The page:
The power of serving multiple content platforms is why Grace Digital’s new Mondo+ internet radio comes with Google’s Chromecast built in; a first for this company’s line of internet-enabled receivers. This new feature allows listeners to stream Chromecast content directly from their smartphones (when loaded with the Chromecast app) directly to their Mondo+; with no wired or Wi-Fi internet connection being required. “The new Mondo+ can also deliver any audio source available to one radio — including Bluetooth — to an unlimited number of other Wi-Fi-connected speakers/radios in other rooms, to compete with multiroom systems being made by Bose and Sonos,” said Fadul.
Grace Digital’s decision to offer multiple platforms and capabilities within the new Mondo+ is in line with consumer trends. “When you look at the areas of growth in our sector it’s all about smart home technology,” said McKinney. “Consumers want choice and a product that will do everything; e.g. DAB, internet and streaming. Consumers want to cover all bases so can they have confidence that the product they’ve just invested in is future proof.”
The C. Crane CC WiFi internet radio can be used as a standalone receiver, or connected to a home stereo system for enhanced audio quality.
Credit: C. Crane
But not everyone agrees that multiple platform radios are king. “In fact, we believe there is room for both kinds of internet radio,” said Crane. “Many radio listeners are not ready for this evolving technology and are still in need of a standalone internet radio model that is simple and basic to start with.”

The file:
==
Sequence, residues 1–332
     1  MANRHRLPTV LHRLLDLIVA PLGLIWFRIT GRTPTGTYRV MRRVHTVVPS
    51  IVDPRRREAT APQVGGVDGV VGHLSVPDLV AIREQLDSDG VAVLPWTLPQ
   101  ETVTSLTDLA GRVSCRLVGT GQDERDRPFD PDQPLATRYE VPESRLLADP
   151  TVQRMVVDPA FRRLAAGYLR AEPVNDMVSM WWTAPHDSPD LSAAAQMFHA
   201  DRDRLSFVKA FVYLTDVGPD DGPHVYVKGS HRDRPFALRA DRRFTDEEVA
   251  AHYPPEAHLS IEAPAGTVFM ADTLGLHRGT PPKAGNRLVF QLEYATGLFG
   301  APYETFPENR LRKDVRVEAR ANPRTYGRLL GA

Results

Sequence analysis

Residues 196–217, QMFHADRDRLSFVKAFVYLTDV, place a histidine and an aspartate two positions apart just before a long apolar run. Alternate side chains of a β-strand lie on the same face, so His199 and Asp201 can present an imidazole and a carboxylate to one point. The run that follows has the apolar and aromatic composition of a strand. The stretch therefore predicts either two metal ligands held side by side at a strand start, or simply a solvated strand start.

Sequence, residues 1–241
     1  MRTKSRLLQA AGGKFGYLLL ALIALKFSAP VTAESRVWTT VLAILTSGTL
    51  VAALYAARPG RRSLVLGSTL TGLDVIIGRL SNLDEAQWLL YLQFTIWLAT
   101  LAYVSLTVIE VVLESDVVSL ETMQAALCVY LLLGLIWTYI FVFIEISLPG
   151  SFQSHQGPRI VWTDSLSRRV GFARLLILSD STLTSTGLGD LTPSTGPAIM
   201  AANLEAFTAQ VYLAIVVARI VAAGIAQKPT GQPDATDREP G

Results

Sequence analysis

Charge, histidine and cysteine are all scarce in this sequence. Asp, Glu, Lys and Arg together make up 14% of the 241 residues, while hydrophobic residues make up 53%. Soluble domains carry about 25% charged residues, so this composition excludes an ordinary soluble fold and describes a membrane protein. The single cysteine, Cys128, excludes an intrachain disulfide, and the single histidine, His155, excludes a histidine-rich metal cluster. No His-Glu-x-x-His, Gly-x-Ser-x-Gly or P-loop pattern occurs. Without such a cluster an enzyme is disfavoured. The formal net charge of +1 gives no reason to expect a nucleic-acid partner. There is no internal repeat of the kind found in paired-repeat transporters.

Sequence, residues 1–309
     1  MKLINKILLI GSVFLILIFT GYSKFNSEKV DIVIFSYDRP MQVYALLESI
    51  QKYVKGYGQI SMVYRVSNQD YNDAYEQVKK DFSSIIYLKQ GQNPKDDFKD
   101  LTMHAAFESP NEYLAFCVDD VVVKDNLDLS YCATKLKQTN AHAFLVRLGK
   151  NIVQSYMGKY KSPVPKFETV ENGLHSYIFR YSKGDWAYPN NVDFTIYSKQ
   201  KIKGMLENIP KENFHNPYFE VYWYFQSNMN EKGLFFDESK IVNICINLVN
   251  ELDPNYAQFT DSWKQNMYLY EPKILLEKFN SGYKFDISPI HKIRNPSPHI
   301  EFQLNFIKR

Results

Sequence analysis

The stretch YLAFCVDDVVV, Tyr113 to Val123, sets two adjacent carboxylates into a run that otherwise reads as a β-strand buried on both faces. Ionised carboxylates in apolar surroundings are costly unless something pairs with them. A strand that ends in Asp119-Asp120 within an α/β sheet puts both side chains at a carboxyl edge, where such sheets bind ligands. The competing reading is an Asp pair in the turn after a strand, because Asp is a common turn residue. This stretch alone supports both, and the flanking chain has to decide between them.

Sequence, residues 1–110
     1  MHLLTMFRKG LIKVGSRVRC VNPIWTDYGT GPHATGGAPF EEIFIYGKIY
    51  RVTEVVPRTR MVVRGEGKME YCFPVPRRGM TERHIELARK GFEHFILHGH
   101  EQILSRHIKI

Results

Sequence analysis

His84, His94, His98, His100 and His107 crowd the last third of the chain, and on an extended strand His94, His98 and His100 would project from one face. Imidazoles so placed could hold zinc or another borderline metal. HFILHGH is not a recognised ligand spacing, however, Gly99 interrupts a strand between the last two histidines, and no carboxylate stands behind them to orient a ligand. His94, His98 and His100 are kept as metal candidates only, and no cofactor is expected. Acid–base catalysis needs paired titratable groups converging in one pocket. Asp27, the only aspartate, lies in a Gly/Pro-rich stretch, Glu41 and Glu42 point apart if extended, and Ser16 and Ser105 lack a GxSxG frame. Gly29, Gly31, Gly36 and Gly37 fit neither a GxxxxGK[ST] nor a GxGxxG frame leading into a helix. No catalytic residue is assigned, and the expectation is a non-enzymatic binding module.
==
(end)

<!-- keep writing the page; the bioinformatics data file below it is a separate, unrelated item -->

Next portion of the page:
One thing is certain: Standalone internet radios are up against a formidable competitor in the form of smartphones. These personal wireless devices are now being used to stream audio to Bluetooth speakers and Bluetooth-connected car audio systems.
Such is the penetration and power of smartphones, that car audio equipment manufacturers are comfortable relying on this third-party hardware to provide the link between cars and the internet; rather than building such linking technology into this equipment. Of course, using smartphones for in-car connectivity also saves these manufacturers money.
“Listening ‘on the go’ is no doubt a major contributor to the shift in listening habits with smartphones being a major factor,” said McKinney. “We are finding more and more of our customers are using their smartphones as a source for all their audio needs, whether it be radio or streaming from another music platform such as Spotify.”